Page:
from The American Heritage® Dictionary of the English Language, 4th Edition
- n. A soft, silvery-gray metallic rare-earth element, used in x-ray and color television tubes. Atomic number 65; atomic weight 158.925; melting point 1,356°C; boiling point 3,123°C; specific gravity 8.229; valence 3, 4. See Table at element.
from Wiktionary, Creative Commons Attribution/Share-Alike License
- n. a metallic chemical element (symbol Tb) with an atomic number of 65
from the GNU version of the Collaborative International Dictionary of English
- n. A rare metallic element, found in certain minerals, as gadolinite and samarskite, with other rare earths such as ytterbium. Symbol Tb. Atomic number 65. Atomic weight 158.925.
from The Century Dictionary and Cyclopedia
- n. A rare element, not yet isolated, occurring in the samarskite of North Carolina and certain other rare minerals, associated with erbium and yttrium.
from WordNet 3.0 Copyright 2006 by Princeton University. All rights reserved.
- n. a metallic element of the rare earth group; used in lasers; occurs in apatite and monazite and xenotime and ytterbite
Indeed, some international prices haven't fallen at all, in particular those that are known as heavy rare earths, like terbium, which is used in advanced lasers and optics.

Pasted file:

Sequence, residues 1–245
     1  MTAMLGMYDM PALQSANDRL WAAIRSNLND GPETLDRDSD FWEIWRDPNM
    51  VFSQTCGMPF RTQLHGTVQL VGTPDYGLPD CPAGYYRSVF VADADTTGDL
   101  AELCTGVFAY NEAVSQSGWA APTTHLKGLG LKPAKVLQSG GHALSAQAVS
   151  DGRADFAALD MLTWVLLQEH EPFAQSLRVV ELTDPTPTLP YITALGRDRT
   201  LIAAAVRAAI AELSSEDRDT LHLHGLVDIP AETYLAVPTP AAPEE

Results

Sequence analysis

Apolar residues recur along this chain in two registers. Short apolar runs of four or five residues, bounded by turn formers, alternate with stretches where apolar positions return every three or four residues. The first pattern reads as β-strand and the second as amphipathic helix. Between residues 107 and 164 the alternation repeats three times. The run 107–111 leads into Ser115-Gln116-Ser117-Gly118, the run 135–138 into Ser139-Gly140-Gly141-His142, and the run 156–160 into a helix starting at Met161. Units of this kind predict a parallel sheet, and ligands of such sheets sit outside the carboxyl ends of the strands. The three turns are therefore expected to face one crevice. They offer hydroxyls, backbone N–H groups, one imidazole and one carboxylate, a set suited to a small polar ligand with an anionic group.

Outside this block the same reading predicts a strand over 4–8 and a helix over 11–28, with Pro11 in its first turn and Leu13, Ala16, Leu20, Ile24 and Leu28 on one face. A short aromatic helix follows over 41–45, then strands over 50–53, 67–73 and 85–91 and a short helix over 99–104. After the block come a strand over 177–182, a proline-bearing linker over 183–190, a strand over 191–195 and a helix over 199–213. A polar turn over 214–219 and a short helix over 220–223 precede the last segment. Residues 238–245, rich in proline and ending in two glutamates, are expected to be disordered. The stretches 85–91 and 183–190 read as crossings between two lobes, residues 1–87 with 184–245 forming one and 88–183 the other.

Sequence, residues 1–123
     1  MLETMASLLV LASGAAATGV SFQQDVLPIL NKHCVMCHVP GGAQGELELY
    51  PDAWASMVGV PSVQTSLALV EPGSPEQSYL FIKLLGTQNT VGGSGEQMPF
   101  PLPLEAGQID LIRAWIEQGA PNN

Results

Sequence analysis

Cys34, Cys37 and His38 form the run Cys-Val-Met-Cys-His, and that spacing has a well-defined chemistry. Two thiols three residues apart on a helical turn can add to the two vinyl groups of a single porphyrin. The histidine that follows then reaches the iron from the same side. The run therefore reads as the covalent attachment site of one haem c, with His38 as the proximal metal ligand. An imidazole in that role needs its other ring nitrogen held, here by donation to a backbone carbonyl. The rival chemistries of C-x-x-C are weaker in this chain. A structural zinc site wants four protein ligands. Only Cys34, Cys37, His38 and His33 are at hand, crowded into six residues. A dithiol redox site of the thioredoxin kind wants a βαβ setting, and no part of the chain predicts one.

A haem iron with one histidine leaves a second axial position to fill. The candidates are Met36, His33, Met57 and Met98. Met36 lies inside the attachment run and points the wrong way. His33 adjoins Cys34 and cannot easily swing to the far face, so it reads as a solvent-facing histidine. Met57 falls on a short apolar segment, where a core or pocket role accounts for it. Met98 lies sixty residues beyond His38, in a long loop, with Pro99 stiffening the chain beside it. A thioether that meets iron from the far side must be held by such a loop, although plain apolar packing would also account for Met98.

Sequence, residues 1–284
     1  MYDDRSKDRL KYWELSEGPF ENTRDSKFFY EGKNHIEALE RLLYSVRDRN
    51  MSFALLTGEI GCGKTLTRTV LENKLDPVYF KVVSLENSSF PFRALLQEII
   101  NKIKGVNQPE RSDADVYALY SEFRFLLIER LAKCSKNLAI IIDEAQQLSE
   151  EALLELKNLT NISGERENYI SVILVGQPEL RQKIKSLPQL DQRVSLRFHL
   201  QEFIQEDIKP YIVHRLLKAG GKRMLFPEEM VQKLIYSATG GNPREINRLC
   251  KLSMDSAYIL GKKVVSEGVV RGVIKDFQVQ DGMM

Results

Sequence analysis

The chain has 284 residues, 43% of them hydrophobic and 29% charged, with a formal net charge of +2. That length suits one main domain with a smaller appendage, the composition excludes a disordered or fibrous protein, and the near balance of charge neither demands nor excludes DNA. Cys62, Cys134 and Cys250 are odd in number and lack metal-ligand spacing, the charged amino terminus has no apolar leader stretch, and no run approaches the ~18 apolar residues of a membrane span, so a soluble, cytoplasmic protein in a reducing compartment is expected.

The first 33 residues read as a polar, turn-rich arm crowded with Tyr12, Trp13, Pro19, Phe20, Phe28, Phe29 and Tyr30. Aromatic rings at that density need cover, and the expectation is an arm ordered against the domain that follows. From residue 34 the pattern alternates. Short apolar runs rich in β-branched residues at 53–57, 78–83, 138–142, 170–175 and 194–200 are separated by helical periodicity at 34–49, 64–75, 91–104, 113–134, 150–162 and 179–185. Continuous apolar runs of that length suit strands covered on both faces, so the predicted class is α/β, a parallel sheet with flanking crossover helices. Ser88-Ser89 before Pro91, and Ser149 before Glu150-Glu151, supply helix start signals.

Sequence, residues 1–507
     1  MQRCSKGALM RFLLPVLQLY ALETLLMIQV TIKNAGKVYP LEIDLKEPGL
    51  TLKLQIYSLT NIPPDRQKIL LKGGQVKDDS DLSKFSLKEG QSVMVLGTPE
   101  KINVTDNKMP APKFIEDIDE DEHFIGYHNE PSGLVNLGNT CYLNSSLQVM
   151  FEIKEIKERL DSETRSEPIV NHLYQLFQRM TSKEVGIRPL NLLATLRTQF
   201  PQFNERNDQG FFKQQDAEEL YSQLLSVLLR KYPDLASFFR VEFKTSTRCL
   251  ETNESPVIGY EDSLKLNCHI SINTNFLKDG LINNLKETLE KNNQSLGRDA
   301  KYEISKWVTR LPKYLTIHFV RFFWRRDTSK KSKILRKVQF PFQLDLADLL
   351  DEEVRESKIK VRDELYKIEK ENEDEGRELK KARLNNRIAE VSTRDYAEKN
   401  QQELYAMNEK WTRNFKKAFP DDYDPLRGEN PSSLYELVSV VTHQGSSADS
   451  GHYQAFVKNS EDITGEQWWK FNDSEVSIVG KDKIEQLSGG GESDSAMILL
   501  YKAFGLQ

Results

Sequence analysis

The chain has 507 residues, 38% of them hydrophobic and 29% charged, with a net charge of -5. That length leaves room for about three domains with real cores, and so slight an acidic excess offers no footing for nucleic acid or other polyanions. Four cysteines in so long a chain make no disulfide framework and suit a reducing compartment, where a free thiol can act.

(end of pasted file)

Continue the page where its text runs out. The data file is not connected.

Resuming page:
The rare-earths blasted out of rocks here feed more than 77 per cent of global demand for elements such as terbium, which power low-energy lightbulbs; neodymium, which powers wind turbines; and lanthanum, which powers the batteries of hybrid cars such as the Toyota Prius.
The insides of energy-efficient compact fluorescent light bulbs are coated with tiny amounts of two such elements, terbium and europium.
Everything from fluorescent light bulbs to laptop and iPhone screens relies on small but critical amounts of europium to generate a pleasant red color and terbium to make green.
Amygdala explains why you might want to care about dysprosium, terbium, and neodymium.
Apple Inc. and Blackberry maker Research In Motion Ltd. use terbium to make their phones smaller, lighter and faster.
China accounts for 95 percent of global production and about 60 percent of consumption of rare metals, including dysprosium, terbium, thulium, lutetium and yttrium, according to the U.S.
Europium and terbium are used in electronic displays like LEDs.
Neodymium, dysprosium and terbium are members of a class of elements called “rare earth metals”.
China has a rough monopoly on lanthanum, terbium, neodymium and dysprosium.